First -- always have backup copies of anything important before installing anything to hard drive. Also, have recovery disks made for Windows just in case you make a mistake and wipe it out.
Each Linux distro may have a slightly different installation procedure. So be sure to read the installation instructions on the sites for those you are installing. Below is a general description of the process for installing multiple distros.
When you install a linux distro, it will usually install the grub bootloader to the MBR (Master Boot Record) of the hard drive. The MBR is the first 512 bytes of the drive and it holds the partition table of the drive and the first stage of the boot loader. That first stage of the boot loader points back to the rest of the files needed to finish booting the operating system. So part of grub is in the MBR and the rest is either on the "/" (root) partition or a separate /boot partition (if you made one).
Right now you have Windows XP and Mint 16 on the computer. Mint 16's grub boot loader gives you the choice of both to boot up with. If you do a standard installation of Peppermint, then Peppermint will install its grub bootloader to the MBR and take over the duty of booting and showing choices of OS's (Operating Systems).
But what if you later decided that you didn't like Peppermint and you deleted its partition?
You wouldn't be able to boot into anything anymore because its bootloader was in control, but now the second stage boot files are gone.
fixable. But it's much easier to just avoid the headache in the first place. So, the better idea is to keep control of booting with a distro that you know you will likely keep (Mint in this example). You do that by making sure any new install (Peppermint) does not put their grub on the MBR. (If you have one hard drive, the MBR will be /dev/sda
-- just sda
, with no partition number after the "a".) Point Peppermint's grub installer to its own root partition instead. (The root partition will have a designation like /dev/sdaX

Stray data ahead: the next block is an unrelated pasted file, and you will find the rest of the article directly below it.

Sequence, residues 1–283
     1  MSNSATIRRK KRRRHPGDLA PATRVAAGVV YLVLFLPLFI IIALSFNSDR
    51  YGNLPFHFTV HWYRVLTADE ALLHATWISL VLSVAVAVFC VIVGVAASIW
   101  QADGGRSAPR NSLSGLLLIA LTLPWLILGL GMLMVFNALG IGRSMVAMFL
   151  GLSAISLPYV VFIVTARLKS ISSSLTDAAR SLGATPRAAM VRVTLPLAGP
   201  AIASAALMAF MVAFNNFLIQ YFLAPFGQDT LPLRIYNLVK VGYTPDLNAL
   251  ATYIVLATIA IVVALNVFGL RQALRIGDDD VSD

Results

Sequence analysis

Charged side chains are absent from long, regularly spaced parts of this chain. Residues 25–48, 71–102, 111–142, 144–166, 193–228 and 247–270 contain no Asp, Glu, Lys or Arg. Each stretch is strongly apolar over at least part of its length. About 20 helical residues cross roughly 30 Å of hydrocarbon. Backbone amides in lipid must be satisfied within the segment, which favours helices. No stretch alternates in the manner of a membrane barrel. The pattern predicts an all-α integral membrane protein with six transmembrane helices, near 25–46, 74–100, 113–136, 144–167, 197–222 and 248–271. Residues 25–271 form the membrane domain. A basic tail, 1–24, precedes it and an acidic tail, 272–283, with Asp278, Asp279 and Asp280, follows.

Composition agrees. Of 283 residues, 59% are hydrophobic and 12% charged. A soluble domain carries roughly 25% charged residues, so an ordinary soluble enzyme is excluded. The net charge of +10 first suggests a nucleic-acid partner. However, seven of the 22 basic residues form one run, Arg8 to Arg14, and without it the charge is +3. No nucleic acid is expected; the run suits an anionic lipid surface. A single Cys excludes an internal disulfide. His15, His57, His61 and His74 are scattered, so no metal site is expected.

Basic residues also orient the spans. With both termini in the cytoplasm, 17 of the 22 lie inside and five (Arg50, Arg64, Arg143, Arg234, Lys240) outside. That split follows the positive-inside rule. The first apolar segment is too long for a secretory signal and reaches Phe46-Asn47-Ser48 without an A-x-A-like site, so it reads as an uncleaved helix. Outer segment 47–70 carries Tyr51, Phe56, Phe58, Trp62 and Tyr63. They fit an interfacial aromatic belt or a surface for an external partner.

, where "X" is a number corresponding to the root partition for that distro. Eg. If Peppermint's root partition is the third one on the disk, it would be /dev/sda3
.) After the installation, you will not see Peppermint as a choice in the boot menu yet, because Mint is in control of booting and doesn't know it's there yet. To find the new OS, run sudo update-grub in a Mint terminal window. On the next reboot, the choices will be updated to include all three OS's.
(NOTE: You only need one swap partition -- not one for each distro. They will all share useage of that same swap partition when you boot one of them up.)
One other thing to keep in mind is that on most computers more that 1-1/2 to 2 years old (and some new computers as well), there is a limit of 4 "primary" partitions. To get around that limit, one can have 3 "primary" and 1 "extended" partition. The "extended" partition serves as a container for "logical" partitions, of which there can be many. So you need to keep that in mind and plan for using "extended" and "logical" partitions when installing multiple operating systems.
Here is a good tutorial on how to use the GParted partitioning program, which is included on many live distros: GParted partitioning software - Full tutorial
Here's another guide to partitioning: http://www.sysresccd.org/Sysresccd-G...N-Partitioning